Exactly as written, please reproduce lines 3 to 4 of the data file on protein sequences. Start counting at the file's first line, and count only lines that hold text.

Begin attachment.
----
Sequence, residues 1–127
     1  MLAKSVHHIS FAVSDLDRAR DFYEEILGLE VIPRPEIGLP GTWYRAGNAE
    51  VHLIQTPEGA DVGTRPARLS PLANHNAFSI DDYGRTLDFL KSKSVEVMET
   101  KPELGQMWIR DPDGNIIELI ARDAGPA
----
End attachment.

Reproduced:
    51  VHLIQTPEGA DVGTRPARLS PLANHNAFSI DDYGRTLDFL KSKSVEVMET
   101  KPELGQMWIR DPDGNIIELI ARDAGPA